UN High Commissioner Spokesperson reveals reports of violations and abuses in Idlib, western Syria
Translated and edited by: Committee for Justice, Geneva, November 22, 2020
UN High Commissioner for Human Rights Spokesperson, Ravina Shamdasani, announced that the Office of the United Nations High Commissioner for Human Rights (OHCHR) has received reports of continued detention of civilians, including humanitarian workers, in Idlib, northwestern Syria, in areas under the control of Hay’at Tahrir al-Sham (HTS) and other armed groups.
Arrests and executions carried out:
Shamdasani added that other very disturbing reports have been received about executions carried out by the de facto authorities, following a series of arrests and alleged trials, according to a media briefing published by the OHCHR media center.
According to the reports, Hay’at Tahrir al-Sham confirmed on Wednesday that it was holding a 28-year-old woman, Noor al-Shallo, a humanitarian and media worker, allegedly on “moral” and “criminal” charges.
Reports indicated that the family of al-Shallo was not able to contact her since she was detained by Hay’at Tahrir al-Sham members in September at the HTS-linked Sarmada “court” in Idlib, while following up on issues related to the custody of her three children.
The spokesperson said that a number of reports indicate that al-Shallo may be at risk of execution, urging the de facto authorities to refrain from committing any harmful act, ensure her protection and release her immediately.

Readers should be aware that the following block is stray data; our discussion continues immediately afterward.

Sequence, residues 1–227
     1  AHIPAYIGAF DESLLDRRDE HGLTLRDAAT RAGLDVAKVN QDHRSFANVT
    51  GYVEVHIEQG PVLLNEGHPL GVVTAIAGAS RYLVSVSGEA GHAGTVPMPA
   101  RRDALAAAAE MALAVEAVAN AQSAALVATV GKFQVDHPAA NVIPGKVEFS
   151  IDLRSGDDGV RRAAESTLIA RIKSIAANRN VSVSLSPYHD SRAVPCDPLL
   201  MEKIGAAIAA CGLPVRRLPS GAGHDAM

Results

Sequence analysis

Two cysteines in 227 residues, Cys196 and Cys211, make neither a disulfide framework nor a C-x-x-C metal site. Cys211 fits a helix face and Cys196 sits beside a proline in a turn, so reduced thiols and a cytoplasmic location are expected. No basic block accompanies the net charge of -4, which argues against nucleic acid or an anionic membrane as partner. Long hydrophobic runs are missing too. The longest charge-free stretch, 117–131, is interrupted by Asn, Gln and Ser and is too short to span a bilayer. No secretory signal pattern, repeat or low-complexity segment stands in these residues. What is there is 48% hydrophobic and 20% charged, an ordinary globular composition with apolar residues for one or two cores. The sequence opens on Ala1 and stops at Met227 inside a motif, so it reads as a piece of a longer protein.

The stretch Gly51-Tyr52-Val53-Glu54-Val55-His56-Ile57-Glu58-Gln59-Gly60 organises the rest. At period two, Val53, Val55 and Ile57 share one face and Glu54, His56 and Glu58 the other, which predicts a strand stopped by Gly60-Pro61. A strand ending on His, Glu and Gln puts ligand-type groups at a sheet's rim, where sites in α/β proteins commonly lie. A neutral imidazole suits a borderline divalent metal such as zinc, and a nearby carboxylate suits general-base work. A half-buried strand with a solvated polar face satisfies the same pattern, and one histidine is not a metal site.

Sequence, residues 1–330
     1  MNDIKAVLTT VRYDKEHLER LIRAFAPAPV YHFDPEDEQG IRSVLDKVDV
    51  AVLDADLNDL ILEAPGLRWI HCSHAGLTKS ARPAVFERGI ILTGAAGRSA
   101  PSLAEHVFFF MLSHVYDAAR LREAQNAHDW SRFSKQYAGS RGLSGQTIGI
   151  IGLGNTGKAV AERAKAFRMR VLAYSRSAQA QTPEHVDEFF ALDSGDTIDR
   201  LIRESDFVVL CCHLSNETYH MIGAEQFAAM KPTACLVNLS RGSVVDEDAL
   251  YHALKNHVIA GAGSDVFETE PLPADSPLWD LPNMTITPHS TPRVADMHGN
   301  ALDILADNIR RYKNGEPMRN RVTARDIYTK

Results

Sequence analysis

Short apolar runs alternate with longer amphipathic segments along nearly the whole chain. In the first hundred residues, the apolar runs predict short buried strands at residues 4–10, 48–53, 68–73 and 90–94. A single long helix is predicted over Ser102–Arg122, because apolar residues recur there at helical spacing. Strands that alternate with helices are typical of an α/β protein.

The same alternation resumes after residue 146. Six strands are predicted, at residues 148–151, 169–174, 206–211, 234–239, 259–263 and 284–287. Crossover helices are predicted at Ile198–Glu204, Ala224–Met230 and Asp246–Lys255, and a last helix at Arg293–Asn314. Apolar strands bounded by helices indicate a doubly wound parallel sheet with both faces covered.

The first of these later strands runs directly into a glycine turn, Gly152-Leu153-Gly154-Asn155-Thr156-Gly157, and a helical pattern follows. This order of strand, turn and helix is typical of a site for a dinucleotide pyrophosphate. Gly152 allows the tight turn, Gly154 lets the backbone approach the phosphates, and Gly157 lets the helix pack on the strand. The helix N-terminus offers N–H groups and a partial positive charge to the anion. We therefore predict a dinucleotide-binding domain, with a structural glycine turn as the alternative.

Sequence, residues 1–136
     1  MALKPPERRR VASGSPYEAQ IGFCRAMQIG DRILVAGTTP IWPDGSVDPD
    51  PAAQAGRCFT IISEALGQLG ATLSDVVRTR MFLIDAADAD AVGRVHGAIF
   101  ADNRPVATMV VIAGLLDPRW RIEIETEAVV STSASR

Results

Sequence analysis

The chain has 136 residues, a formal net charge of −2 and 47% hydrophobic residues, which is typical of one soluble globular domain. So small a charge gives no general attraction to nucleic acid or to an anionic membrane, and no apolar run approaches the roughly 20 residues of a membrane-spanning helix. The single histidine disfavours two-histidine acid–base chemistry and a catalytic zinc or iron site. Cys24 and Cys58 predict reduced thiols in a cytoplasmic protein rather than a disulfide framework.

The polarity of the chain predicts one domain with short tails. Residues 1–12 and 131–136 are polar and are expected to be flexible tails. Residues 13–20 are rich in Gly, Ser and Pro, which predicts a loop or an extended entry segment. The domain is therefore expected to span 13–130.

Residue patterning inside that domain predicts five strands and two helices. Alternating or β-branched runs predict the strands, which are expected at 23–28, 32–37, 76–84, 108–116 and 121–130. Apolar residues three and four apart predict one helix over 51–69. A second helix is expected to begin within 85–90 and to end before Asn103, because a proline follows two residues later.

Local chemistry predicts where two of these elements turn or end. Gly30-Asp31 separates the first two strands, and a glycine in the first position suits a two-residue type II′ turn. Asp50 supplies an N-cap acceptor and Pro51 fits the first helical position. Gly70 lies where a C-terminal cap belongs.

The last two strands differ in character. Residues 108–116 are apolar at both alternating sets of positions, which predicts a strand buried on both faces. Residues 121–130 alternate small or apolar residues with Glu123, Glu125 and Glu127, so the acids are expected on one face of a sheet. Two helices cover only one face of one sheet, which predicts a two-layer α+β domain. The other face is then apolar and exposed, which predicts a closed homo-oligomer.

These executions amount to war crimes:
The spokesperson said they received verified reports that several individuals were executed, for their alleged affiliation to factions and parties opposed to Hay’at Tahrir al-Sham, including the Kurdish armed groups, and the Syrian government, or on allegations of blasphemy, adultery, theft or murder.
Shamdasani stressed that international humanitarian law expressly prohibits sentencing and carrying out executions without issuing a previous judicial ruling that provides all necessary judicial guarantees. Under international law, executions carried out in violation of this prohibition may amount to a war crime.
Shamdasani also stated that armed groups continue to impose rules and codes of conduct on civilians in a manner that violates a range of human rights protected by international law, including the rights to life, liberty, personal security, the right to freedom of movement, expression, peaceful assembly, and the right to association.
At the end of her briefing, the High Commissioner spokesperson noted that non-state actors exercising government-like functions and control over certain territories are obligated to respect human rights norms when their behavior affects the human rights of individuals under their control.